Eleven (2002) to 14 (2003 and 2004) continuous water-quality monitors that measured pH, dissolved oxygen, temperature, and specific conductance, were placed in Upper Klamath Lake to support a telemetry tracking study of endangered adult shortnose and Lost River suckers. Samples for the analysis of chlorophyll a and nutrients were collected at a subset of the water-quality monitor sites in each year. The seasonal pattern in the occurrence of supersaturated dissolved oxygen concentrations and high pH associated with photosynthetic activity, as well as the undersaturated dissolved oxygen concentrations associated with oxygen demand through respiration and decay in excess of photosynthetic production, were well described by the dynamics of the massive blooms of Aphanizomenon flos aquae (AFA) that occur each year.
Data from the continuous monitors provided a means to quantify the occurrence, duration, and spatial extent of water-quality conditions potentially harmful to fish (dissolved- oxygen concentration less than 4 milligrams per liter, pH greater than 9.7, and temperature greater than 28 degrees Celsius) in the northern part of the lake, where the preferred adult sucker habitat is found. There were few observations of temperature greater than 28 degrees Celsius, suggesting that temperature is not a significant source of chronic stress to fish, although its role in the spread of disease is harder to define. Observations of pH greater than 9.7 were common during times when the AFA bloom was growing rapidly, so pH may be a source of chronic stress to fish. Dissolved oxygen concentrations less than 4 milligrams per liter were common in all 3 years at the deeper sites, in the lower part of the water column and for short periods during the day. Less common were instances of widespread low dissolved oxygen, throughout the water column and persisting through the entire day, but this was the character of a severe low dissolved oxygen event (LDOE) that culminated in the start of a fish die-off in 2003.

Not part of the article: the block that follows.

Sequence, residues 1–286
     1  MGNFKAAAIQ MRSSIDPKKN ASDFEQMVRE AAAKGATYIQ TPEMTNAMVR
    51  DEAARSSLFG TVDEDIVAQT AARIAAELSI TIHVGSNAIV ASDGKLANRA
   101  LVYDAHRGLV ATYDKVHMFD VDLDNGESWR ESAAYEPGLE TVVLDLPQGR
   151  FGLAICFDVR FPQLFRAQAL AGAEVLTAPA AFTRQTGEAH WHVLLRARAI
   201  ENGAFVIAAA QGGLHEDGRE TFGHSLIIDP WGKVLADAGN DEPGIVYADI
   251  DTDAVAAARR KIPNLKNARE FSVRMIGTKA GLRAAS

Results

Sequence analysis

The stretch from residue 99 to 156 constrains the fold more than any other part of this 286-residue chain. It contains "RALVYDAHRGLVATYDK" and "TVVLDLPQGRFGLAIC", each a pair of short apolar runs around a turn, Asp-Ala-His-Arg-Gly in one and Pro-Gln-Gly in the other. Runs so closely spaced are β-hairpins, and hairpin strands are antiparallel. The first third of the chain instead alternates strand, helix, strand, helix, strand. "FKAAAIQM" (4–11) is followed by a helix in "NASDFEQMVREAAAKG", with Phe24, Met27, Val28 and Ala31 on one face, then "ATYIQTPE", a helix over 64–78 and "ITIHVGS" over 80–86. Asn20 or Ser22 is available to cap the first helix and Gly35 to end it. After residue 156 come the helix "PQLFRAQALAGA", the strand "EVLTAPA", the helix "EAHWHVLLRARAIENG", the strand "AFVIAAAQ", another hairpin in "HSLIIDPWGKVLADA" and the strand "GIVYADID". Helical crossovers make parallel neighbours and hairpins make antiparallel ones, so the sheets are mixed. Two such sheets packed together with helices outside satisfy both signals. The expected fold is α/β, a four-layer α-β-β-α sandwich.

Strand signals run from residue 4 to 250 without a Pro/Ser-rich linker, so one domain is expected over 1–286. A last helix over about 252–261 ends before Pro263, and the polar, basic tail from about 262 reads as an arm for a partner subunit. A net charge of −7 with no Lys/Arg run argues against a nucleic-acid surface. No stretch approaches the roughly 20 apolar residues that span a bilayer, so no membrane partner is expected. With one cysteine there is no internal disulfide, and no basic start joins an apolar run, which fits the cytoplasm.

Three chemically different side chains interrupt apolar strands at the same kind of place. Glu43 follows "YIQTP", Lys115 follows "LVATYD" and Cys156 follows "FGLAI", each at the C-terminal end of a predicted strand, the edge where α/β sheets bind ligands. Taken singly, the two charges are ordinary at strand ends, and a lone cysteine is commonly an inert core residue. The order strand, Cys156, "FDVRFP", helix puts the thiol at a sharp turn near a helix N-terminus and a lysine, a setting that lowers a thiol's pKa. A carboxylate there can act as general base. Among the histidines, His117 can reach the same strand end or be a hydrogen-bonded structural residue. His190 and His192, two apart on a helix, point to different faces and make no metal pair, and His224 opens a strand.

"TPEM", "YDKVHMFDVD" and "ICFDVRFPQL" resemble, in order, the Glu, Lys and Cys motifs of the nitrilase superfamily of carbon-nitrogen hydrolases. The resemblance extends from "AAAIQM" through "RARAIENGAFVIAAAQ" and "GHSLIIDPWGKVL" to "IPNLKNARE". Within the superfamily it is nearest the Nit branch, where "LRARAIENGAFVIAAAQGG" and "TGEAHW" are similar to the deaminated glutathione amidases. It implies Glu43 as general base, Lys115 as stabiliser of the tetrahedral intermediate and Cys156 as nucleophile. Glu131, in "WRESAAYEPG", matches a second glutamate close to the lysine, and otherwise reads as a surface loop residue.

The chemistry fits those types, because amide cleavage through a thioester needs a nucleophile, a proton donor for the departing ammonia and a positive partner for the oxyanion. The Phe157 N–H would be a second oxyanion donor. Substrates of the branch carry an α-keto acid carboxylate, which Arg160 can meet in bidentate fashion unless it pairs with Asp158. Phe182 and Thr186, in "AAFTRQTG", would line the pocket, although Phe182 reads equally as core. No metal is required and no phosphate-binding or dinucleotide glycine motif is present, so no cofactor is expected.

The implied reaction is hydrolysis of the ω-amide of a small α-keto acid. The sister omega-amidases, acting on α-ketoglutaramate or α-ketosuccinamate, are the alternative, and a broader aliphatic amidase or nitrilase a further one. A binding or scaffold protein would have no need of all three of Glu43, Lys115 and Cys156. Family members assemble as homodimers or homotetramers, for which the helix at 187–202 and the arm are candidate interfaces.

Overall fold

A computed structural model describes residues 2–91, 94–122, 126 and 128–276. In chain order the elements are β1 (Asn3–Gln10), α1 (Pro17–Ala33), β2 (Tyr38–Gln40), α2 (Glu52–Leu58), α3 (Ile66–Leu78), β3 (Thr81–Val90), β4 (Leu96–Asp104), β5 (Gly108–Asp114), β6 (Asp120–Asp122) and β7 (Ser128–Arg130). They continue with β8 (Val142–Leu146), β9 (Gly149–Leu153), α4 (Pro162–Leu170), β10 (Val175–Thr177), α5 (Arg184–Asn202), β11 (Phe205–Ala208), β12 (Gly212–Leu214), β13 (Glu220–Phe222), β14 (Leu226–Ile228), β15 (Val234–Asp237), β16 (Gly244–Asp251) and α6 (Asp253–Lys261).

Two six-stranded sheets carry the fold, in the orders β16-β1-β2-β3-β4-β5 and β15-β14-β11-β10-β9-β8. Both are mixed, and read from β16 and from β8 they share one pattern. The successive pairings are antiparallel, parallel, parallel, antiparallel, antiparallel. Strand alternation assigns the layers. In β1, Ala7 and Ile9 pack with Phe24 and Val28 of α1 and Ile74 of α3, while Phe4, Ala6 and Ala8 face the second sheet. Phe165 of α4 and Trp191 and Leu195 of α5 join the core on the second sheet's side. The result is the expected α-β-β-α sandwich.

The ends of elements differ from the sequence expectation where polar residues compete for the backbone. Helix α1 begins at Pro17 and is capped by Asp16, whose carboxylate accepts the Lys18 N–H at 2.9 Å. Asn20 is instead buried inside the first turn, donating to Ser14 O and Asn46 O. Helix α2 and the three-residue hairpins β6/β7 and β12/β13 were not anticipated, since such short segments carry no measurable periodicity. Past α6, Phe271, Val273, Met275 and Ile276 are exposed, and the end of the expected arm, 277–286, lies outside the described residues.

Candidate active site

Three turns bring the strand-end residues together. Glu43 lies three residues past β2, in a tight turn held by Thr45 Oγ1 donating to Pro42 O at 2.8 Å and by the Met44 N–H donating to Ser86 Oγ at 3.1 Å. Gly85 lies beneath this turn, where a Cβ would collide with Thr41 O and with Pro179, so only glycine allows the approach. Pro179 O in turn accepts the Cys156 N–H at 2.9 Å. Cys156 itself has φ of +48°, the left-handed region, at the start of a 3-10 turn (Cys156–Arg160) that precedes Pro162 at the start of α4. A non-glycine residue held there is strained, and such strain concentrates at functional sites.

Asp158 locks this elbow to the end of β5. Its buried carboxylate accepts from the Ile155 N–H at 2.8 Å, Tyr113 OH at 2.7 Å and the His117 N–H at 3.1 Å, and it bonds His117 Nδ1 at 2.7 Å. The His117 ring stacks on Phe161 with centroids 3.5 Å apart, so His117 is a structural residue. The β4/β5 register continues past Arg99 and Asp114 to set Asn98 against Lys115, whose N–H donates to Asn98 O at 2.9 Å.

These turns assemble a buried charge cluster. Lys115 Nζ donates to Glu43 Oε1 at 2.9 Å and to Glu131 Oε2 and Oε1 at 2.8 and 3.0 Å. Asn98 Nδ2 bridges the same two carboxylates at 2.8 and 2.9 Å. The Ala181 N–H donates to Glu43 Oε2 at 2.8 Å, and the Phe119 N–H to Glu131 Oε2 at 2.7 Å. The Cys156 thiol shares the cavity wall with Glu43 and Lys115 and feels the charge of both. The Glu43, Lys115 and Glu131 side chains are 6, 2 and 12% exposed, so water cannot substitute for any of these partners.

Documented evidence indicates that LDOEs played a role in three fish die-offs in the mid-1990s as well. In the historical context of 15 years of climate and water-quality data, 3 out of 4 of the recent fish die-off years, 1996, 1997, and 2003, were characterized by low winds and high temperatures in July or August coincident with the start of the die-off. High temperatures accelerate the oxygen demanding processes that lead to a LDOE. The role of low winds remains inconclusive, but it could include the development of stratification in the water column and/or the alteration of the wind-driven circulation pattern.
At a site centrally located in the study area, die-off years could be successfully identified in the historical data by screening for water characterized by exceptionally low chlorophyll a concentration, exceptionally low dissolved oxygen concentration throughout the water column (not just near the bottom), and exceptionally high ammonia concentration and water temperature, just prior to or coincident with the start of a fish die-off. These conditions indicate that a severe decline in the AFA bloom and conversion of most of the organic matter into inorganic form had taken place.